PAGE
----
If you travel regularly with your Mac or iOS device, you likely find yourself connecting to new Wi-Fi networks: at airports, in train stations, in hotels, restaurants, pubs, or at clients’ offices. Whether you connect to these networks with your Mac, iPhone or iPad, miraculously, your devices will remember these networks and sync them via iCloud — so your other Apple products can access them too, if you use iCloud Keychain.
Your Apple device’s ability to remember previously connected to networks can be both good and bad. While it means you don’t have to search for or remember login credentials when you connect to a known Wi-Fi network on a different device, it can lead to a surfeit of Wi-Fi networks stored in your keychain and potentially allow you to unknowingly connect to a Wi-Fi network that might not be secure.
You can cull these Wi-Fi networks, but only on a Mac. Read on and we’ll show you how to remove these Wi-Fi networks so your Macs and iOS devices forget them.
How to Remove Wi-Fi Networks from iPhone or iPad
While you cannot remove individual Wi-Fi networks from an iOS device, there is a nuclear option. If you tap Settings > General > Reset > Reset Network Settings, the iOS device deletes all your Wi-Fi networks and passwords, along with other network settings. However, this does not carry over to iCloud Keychain if you are using it, and the only way to fully delete these saved networks is on a Mac.
How to View and Remove Saved Wi-Fi Networks via Network Preferences
There are two ways you can view (and remove) saved Wi-Fi networks on a Mac. The first way is in the Mac’s Network preferences.
To do this, open System Preferences, and then click Network. Select Wi-Fi in the sidebar, and then click Advanced. In the Wi-Fi tab, you will see a list of networks.
This list is mainly there so you can choose an order of preference for joining networks. You can drag the networks in the list so the preferred networks are at the top, but you can also delete networks by selecting it and then clicking the ‘—‘ (minus) button.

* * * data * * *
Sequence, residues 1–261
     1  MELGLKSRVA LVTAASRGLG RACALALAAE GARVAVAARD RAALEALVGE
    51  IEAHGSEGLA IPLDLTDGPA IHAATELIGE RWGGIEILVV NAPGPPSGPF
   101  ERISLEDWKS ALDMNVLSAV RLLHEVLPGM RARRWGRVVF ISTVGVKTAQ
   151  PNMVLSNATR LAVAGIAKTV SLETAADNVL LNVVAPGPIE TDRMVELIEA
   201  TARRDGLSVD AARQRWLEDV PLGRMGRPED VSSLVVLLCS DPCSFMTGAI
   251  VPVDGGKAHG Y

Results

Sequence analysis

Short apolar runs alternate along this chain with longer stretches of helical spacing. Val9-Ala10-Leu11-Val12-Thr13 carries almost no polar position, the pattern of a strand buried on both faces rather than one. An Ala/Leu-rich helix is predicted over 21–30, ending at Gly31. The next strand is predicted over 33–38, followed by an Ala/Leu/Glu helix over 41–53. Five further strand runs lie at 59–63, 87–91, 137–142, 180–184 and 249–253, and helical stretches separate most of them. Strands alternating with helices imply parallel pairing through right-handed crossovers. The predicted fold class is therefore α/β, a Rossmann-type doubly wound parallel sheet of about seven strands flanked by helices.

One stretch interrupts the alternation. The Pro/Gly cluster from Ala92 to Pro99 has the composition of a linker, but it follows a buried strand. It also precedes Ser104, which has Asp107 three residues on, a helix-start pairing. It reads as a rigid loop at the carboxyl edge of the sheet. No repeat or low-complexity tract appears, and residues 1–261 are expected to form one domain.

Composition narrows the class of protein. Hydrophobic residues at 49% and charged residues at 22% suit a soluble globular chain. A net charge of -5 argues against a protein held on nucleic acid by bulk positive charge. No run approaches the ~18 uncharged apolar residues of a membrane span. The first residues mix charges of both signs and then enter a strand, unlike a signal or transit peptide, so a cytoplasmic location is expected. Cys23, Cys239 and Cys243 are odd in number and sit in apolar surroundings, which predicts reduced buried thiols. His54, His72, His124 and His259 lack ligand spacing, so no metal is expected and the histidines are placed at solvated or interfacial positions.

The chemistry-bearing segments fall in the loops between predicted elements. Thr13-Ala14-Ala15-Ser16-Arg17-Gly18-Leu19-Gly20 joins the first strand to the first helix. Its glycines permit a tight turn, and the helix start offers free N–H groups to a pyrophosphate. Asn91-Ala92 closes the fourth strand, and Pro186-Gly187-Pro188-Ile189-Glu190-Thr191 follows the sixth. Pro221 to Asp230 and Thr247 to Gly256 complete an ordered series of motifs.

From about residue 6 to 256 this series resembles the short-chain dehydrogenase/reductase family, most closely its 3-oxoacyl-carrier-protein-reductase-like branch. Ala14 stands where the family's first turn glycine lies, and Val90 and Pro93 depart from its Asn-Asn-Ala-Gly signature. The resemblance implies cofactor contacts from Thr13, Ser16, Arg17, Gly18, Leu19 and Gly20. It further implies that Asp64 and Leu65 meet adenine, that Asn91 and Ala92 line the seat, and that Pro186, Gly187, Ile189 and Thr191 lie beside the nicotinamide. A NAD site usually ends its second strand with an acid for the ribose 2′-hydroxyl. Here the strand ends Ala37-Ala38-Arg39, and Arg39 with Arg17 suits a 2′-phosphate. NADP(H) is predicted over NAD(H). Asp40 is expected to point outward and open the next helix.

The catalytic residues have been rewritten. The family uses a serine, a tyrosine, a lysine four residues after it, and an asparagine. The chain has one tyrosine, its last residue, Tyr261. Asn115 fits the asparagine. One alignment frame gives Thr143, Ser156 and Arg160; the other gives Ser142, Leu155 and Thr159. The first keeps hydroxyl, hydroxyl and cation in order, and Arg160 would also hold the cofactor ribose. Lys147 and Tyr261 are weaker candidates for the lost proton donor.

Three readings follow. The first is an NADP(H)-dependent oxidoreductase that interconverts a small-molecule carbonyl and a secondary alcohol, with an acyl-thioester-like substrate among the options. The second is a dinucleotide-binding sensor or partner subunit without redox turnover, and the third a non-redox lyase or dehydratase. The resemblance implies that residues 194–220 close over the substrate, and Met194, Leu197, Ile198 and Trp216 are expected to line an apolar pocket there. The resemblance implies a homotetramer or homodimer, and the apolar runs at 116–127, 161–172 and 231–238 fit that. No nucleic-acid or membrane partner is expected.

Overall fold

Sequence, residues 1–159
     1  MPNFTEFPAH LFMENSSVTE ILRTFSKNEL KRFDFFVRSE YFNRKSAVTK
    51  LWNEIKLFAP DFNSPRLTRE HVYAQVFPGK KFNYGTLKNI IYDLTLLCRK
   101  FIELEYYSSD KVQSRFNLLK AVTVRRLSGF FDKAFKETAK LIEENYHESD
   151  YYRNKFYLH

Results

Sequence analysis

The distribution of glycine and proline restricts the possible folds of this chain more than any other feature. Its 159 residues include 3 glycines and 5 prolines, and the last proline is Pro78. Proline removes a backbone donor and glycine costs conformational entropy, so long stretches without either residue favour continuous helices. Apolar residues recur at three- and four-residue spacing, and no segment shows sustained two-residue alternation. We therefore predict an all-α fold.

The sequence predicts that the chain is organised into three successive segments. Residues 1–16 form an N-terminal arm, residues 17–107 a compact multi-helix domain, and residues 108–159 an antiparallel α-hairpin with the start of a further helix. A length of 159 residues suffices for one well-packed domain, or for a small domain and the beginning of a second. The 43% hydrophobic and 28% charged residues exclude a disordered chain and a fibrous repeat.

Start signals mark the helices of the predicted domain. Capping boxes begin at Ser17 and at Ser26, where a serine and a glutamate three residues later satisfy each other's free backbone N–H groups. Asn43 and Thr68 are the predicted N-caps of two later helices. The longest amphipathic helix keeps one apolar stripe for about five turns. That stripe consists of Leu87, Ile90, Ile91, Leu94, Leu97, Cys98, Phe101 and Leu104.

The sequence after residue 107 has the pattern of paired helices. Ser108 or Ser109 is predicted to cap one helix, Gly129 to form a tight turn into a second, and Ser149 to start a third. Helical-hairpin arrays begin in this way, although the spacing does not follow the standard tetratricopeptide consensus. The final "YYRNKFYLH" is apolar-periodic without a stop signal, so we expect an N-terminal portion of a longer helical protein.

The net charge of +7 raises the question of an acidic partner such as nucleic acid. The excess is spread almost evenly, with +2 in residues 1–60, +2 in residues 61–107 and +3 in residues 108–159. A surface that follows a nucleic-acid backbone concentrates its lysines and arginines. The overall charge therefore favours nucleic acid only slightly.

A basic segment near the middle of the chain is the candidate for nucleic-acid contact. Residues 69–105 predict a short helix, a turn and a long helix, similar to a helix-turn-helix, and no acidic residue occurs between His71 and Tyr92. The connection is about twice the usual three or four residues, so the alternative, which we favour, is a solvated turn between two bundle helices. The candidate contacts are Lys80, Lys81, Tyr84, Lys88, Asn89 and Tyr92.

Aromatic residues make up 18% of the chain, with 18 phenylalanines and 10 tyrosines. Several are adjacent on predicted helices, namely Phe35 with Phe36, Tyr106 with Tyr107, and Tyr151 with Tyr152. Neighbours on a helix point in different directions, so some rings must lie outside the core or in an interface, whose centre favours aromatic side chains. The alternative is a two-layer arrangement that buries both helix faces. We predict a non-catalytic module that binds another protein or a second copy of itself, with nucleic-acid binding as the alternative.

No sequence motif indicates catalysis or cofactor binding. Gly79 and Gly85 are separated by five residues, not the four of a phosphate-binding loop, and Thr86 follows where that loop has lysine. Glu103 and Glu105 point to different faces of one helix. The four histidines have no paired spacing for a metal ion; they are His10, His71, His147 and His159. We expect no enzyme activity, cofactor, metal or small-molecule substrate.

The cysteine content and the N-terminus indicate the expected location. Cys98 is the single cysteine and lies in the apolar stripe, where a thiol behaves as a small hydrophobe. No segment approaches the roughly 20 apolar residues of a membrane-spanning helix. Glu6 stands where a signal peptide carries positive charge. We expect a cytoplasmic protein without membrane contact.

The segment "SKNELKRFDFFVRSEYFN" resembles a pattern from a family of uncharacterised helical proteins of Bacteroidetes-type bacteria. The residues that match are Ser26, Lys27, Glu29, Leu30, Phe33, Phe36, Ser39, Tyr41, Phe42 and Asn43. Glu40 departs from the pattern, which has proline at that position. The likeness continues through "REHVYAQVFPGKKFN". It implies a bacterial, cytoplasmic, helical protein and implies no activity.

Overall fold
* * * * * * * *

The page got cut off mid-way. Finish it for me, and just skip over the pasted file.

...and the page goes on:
When you do this, your iCloud Keychain will update, and they will be eventually removed from all your devices that sync to the same iCloud account.
In some cases, you may not be able to remove Wi-Fi networks from the Network preferences, but you will be able to delete them from Keychain Access (see below for the second method to remove Wi-Fi networks).
From the image above, note the checkbox in the pane that lets you “Remember networks this computer has joined.” If you don’t want a Wi-Fi network to be saved to your Mac, and subsequently to iCloud Keychain, uncheck this setting.
How to View and Remove Saved Wi-Fi Networks via Keychain Access
The second way to remove saved networks is via Keychain Access. This app is located in the Utilities folder in your Applications folder, and it stores passwords, certificates, encryption/decryption keys, secure notes and more. One of the items it stores as “passwords” is the credentials you use to log into Wi-Fi networks; specifically, they are recorded as “AirPort network password.”
To find these, click the search box at the top right of your Keychain Access window and type “AirPort.” You’ll see a number of items, and the Kind column shows them as AirPort base station password, AirPort Disk password, and AirPort network password. (You may not have items in all three categories.) The latter are your Wi-Fi network credentials.
Interestingly, when I look at my AirPort network passwords, I see many of those that are in the Network preferences, but not all. And some show as being in the iCloud keychain, while others are in the System keychain, even though they sync to and from my other devices. (For example, some of the networks I see on my Mac are those that I only connected to with my iPhone.) To delete any of these networks, click them, then press Delete, and click Delete in the confirmation dialog.
Note that any changes you make on your Mac will take time to propagate to other Macs, and to iOS devices.
It’s a good idea to go through these networks from time to time. You may have connected to a network when you were traveling and not want to automatically connect to it again. Clearing out these networks will also prevent your Mac from automatically connecting to networks masquerading as legitimate, since the only identifying information for a Wi-Fi network is its SSID (or the name you see) and anyone can use the same network name, potentially leading you to connect to an insecure network.
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